Author and New York Times columnist Gail Collins knows quite a lot about the achievements of women, and in her last several books she’s created a social history for several hundred years worth of evolving social mores and shattered glass ceilings.
Her most recent book, When Everything Changed, was critically acclaimed as both historically poignant and easy to read. Collins stops in Savannah Thursday, April 12, to discuss the book, her career and writing at Arnold Hall, as part of SCAD’s “Art of the Mind” lecture series.
We spoke with her by phone last week (on the last day of National Women’s History Month) to discuss writing, role models, how everything changed except feminism, and how excited she is to finally visit Savannah.
You write columns about any number of topics. What is it that drew you to doing this most recent book, and another previously, on the subject of women?
Gail Collins: It was the millennium that got me interested. The Times magazine asked me if I could write the introduction to an entire issue on “women over the last 1,000 years,” which is possibly the most New York Times–ian title I’ve ever heard in my life. I hadn’t done any women’s stuff at that point. As I was writing it, it struck me for the first time that the vision of women’s place in the world had basically been the same from the year 1000 on, and it was totally shattered and changed in my lifetime. I was there to see this thing happen. It knocked me out. That’s what got me going, and I thought I would write a book about it.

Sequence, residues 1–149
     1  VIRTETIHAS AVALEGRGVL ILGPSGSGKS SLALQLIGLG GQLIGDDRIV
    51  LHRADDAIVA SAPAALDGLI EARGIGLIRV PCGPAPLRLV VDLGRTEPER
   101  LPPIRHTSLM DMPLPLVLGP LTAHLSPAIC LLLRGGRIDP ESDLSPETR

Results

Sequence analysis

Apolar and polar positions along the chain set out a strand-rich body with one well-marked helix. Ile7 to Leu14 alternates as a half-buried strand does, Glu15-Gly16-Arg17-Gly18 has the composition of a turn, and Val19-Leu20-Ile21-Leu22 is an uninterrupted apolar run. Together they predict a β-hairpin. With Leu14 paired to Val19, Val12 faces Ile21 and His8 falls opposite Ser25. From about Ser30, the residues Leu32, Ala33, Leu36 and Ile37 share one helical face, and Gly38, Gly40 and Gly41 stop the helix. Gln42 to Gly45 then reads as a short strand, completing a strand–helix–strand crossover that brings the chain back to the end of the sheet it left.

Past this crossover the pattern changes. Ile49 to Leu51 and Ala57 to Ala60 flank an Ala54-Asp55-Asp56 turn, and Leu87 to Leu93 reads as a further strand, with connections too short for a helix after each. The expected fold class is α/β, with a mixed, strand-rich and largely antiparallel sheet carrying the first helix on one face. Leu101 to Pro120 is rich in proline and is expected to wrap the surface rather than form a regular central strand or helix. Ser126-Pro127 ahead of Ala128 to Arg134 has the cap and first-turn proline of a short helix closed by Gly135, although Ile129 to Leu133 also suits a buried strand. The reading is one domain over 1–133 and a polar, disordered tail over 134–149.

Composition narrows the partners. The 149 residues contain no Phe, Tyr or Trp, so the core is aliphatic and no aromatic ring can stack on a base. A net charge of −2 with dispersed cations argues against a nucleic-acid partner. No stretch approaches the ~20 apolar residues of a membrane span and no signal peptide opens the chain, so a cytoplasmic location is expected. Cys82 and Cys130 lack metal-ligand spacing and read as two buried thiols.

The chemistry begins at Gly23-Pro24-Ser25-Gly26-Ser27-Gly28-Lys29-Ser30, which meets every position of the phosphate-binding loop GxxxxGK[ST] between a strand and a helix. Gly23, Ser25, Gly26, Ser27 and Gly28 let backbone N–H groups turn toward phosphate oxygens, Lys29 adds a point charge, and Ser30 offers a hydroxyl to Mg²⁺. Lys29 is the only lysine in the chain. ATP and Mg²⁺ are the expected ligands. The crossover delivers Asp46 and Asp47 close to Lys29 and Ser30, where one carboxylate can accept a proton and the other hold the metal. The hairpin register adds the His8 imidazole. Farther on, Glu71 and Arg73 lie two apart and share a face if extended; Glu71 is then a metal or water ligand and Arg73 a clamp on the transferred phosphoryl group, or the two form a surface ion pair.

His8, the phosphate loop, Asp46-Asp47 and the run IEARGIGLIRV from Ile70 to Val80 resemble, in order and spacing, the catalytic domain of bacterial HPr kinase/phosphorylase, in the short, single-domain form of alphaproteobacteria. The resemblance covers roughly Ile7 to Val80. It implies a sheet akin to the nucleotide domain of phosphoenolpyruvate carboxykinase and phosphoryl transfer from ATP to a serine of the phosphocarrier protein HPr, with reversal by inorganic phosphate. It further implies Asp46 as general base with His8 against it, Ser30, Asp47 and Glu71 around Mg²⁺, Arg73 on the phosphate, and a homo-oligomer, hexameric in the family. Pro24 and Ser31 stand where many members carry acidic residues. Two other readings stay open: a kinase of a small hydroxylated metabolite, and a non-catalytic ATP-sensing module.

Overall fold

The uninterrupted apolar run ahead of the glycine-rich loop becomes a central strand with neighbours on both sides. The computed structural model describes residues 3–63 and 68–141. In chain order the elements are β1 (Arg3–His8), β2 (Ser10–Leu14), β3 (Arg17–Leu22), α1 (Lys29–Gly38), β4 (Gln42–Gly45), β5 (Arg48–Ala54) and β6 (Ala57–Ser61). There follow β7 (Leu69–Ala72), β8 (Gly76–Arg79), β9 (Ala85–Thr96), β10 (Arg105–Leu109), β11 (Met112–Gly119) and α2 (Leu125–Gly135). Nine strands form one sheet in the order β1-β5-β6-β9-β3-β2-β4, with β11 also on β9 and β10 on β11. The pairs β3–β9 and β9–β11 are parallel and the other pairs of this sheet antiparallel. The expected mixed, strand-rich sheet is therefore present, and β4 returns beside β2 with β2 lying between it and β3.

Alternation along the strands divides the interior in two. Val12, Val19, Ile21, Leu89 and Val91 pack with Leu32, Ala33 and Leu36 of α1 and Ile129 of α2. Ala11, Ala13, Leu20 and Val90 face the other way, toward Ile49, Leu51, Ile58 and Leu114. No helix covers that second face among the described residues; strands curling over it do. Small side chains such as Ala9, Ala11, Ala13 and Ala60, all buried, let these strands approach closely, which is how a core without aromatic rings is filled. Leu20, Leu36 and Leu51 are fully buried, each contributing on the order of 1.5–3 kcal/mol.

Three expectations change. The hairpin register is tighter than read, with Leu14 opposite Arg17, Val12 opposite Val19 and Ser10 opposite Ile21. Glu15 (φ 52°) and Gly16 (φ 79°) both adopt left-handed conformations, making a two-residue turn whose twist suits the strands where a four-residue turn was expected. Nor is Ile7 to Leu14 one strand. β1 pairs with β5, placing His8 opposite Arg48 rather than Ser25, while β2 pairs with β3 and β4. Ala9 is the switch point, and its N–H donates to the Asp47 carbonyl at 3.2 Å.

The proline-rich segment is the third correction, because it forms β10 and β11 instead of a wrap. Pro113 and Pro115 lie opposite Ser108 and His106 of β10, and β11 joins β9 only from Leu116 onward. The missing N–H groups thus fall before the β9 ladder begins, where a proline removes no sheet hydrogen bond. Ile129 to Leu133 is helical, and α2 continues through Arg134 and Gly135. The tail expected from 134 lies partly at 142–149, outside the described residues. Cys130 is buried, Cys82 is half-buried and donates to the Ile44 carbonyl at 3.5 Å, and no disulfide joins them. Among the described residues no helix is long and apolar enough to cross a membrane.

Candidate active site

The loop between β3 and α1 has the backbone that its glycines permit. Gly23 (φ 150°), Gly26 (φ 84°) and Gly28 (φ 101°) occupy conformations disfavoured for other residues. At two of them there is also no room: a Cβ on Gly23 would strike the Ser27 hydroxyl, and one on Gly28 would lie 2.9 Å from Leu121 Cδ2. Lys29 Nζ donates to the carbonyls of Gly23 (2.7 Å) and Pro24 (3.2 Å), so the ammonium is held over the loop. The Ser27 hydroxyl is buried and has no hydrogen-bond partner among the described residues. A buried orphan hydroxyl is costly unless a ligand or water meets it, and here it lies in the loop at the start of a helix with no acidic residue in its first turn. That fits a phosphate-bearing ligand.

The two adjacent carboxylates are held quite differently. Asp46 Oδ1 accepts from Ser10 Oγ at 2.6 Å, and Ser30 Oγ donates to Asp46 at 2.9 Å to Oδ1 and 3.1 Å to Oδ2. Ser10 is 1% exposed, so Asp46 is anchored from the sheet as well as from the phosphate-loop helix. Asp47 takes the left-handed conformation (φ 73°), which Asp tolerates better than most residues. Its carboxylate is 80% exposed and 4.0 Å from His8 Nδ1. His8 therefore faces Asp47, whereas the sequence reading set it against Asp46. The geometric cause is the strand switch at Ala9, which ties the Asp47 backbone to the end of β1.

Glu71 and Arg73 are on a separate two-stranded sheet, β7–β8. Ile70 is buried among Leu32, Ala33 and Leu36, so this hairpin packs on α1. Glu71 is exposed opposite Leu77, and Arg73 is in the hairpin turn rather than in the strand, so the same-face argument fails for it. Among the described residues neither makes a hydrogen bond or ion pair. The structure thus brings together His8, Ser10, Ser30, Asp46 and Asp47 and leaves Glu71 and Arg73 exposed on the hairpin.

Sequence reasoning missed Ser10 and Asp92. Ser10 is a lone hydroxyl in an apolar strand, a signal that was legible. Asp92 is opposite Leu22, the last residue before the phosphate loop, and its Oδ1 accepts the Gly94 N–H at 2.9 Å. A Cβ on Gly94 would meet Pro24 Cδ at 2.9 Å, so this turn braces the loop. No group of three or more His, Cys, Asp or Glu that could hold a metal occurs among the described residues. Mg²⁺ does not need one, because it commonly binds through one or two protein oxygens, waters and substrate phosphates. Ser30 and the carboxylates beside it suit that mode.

Is it tough to transition from columns to long form writing?
Gail Collins: No. Usually all my chapters are broken up into chunks that tell a story or make a point. That makes it more column–like to me. In that sense, it’s not as traumatic a change as you would think. 800 words is something I’m really comfortable with. I was stunned the other day when I read Bob Herbert, one of our columnists, announced he was going to leave, and in his statement he said “the limit of 800 words is starting to get to me.” I saw some of the blogs following it saying, “He thinks 800 words is too little! How could this be?” 800 words is endless by American standards now. Anything you write now, you really do have to think about the fact that the American attention span is very short.
Focusing on the last 50 years of women’s history, obviously a big part of that is the rise of popular feminism, but as the role of women changes it seems like feminism would have to as well. What is feminism now?
Gail Collins: It’s never really changed. Feminism has always been about making sure women get equal rights and equal opportunities, and that doesn’t change. A lot of young women don’t like the word feminist – they find it off–putting. But if you say, “should you fight to make sure women get equal rights and equal opportunities,” they all say yes. Young women today are very strong, it’s just that that word is one that has always freaked people out. I always thought if you could just call it Fred, we’d have no problem whatsoever.
You’re coming here to talk to college students –
Gail Collins: I’m so excited. I’ve never been to Savannah, and on my list of things that I’ve always wanted to do, it’s really high up. The very second the Times asked me, I signed on.
When you talk to college students, and particularly young women, do you sense they understand how recent some of these victories are? How recently these glass ceilings were broken?